Let’s be frank. Ketsbaia is clearly seeking dismissal, and Cypriot football enthusiasts are echoing this sentiment. So, why prolong the inevitable?

Before exploring the enigma of Ketsbaia, it’s important to establish one fact: the Cypriot national team has never been, and is unlikely to ever become, a dominant force in global football. No Cypriot football enthusiast holds contrary beliefs. The grievances expressed by supporters of the national team do not stem from a feeling of entitlement; rather, they arise from frustration and disillusionment, knowing that the team is capable of performing at a higher level.

Interest among local fans in the Cypriot national team has hit rock bottom, with matches often played in near-empty stadiums. Meanwhile, the head coach persists in his stubbornness, adhering to the same tactics.

It’s been a year since an article on kafesflares.com shed light on Ketsbaia’s deficiencies, shortcomings, and remarks warranting dismissal. Yet, the CFA persists in keeping him in charge, despite his controversial reputation.

“Ketsbaia’s post-match comments following heavy defeats to Scotland and Spain should have warranted his dismissal. The Georgian coach has a reputation for being outspoken and critical of his players. Unfortunately, his selections and tactical choices have become predictable. It’s evident that he favours players he knows from his time at Anorthosis, which often results in players in top form being relegated to the bench or limited to cameo appearances.”

The excerpt from the aforementioned website still rings true today. There’s been no change. At this point, it’s challenging not to accuse the CFA of negligence, incompetence, self-sabotage, and corruption.

Before and after the announcement of national team squads, the recurring questions persist: Why the abundance of Anorthosis players? What makes this particular player deserving of a spot on the national team? Why the inclusion of numerous strikers when only one will likely feature? Why the surplus of central midfielders?

Before and after matches, more repetitive questions: Why play 4-5-1 or 5-4-1? Why aren’t you braver with your team selections? Why is Pileas always on the bench? Why are you still employed?

Before and after matches, a cascade of repetitive inquiries ensues: Why persist with 4-5-1 or 5-4-1 formations? Why not exhibit more daring in team selections? Why does Pileas consistently find himself on the bench? Why do you still retain your position?

Regrettably, Ketsbaia seems to have a retort ready for every inquiry. It’s as if he anticipates them, dismissing each with condescending and feeble replies, further plummeting the Cypriot national team into despair, nearly reaching a point of irrecoverability. It’s not an overstatement to say that the Cypriot national team is in a state of paralysis under Ketsbaia’s leadership.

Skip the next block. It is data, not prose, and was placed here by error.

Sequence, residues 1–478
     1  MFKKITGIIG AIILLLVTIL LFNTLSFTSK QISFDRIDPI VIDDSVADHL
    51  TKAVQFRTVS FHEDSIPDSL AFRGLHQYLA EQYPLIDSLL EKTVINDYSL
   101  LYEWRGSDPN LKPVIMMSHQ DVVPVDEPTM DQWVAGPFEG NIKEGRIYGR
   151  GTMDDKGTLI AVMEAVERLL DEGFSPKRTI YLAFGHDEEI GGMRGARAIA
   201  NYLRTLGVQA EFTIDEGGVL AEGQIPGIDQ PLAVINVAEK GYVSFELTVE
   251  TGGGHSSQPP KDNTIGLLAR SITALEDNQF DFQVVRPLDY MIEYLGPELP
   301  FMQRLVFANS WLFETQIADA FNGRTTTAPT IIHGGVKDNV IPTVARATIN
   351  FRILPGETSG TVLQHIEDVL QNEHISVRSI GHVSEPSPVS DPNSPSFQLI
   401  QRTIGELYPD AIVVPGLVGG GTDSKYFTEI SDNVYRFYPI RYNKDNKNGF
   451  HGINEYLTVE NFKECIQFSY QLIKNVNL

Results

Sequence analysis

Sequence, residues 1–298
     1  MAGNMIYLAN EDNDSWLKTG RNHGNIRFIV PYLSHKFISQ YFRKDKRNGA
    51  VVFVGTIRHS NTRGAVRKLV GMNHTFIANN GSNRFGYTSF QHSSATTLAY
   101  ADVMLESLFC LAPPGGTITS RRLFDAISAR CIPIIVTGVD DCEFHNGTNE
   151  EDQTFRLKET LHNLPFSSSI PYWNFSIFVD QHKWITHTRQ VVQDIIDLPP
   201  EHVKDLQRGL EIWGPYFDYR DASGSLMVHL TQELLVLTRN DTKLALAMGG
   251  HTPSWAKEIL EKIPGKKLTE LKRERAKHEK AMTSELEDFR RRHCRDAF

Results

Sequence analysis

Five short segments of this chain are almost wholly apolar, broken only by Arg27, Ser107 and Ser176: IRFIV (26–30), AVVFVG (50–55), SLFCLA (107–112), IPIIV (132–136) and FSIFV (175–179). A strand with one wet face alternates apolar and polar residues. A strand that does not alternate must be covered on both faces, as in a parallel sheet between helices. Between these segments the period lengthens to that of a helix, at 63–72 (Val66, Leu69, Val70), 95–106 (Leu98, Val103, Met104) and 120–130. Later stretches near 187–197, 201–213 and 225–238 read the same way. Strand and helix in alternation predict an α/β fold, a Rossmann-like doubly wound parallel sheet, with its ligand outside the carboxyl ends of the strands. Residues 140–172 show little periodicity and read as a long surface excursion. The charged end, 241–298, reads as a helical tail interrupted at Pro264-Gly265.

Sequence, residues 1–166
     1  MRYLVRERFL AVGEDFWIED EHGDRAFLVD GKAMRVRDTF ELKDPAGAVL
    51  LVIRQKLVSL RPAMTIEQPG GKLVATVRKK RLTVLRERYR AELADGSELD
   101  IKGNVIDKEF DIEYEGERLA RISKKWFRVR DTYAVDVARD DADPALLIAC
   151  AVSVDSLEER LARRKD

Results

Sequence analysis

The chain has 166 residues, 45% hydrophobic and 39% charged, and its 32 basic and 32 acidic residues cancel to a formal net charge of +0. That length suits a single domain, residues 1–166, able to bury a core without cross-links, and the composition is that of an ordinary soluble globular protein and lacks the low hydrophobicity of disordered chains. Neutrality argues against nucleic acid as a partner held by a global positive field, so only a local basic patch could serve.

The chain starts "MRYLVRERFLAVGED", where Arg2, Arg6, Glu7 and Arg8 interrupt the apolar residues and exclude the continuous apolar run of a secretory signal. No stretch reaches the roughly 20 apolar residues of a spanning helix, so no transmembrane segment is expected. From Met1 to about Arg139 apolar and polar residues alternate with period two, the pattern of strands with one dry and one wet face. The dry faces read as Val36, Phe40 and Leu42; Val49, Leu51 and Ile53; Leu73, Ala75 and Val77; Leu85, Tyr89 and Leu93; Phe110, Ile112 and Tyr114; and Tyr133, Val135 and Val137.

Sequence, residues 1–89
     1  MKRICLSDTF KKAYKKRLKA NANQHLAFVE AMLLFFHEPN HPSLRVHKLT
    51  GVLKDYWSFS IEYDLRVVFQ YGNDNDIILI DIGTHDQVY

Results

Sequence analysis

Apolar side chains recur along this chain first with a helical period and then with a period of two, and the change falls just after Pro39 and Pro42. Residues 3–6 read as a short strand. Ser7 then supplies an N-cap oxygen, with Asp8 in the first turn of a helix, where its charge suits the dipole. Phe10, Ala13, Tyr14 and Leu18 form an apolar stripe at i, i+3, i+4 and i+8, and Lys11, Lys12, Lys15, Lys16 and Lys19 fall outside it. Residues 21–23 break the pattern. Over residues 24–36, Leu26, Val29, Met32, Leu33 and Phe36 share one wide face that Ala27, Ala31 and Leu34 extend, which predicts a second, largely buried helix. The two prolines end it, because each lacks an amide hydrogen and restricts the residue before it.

Accountability seems to be a foreign concept to Ketsbaia. His immature tendency to deflect blame with “it isn’t my fault” during post-match press conferences should suffice as grounds for his dismissal. In truth, no one is immune to Ketsbaia’s tendency to point fingers.

Under Ketsbaia’s leadership, players, journalists, and supporters alike have all faced his wrath. According to the Georgian coach, it would appear everyone but himself is responsible for the national team’s struggles.

After the 1-0 defeat to Serbia, Ketsbaia lamented the sparse attendance, remarking, “Today there weren’t enough people but those who were here helped us. You see, when these players have the support, they give their all.” However, the situation has reached a juncture where journalists are declining to attend pre-match press conferences, as none showed up for the one slated for the match against the Serbs. The fact that even typically relentless journalists are opting out of grilling Ketsbaia speaks volumes about the futility of the exercise.

At the club level, this season has seen 18 managerial casualties. Some coaches have been dismissed less than three weeks into their roles, while others have been let go despite exceeding expectations. However, Ketsbaia continues to hold the top position in Cyprus despite an abysmal record of 3 wins, 2 draws, and 11 defeats.

Kerkida journalist Stelios Anastasiou encapsulated the prevailing sentiment among Cypriot football fans regarding Ketsbaia:

“If you truly stand by your convictions, Timur, you should step down. We don’t need a coach who fails to inspire. Fortunately, there are competent Cypriot (and foreign) coaches who have faith in our national team.”

As the tagline of this article emphasises: Ket The F Out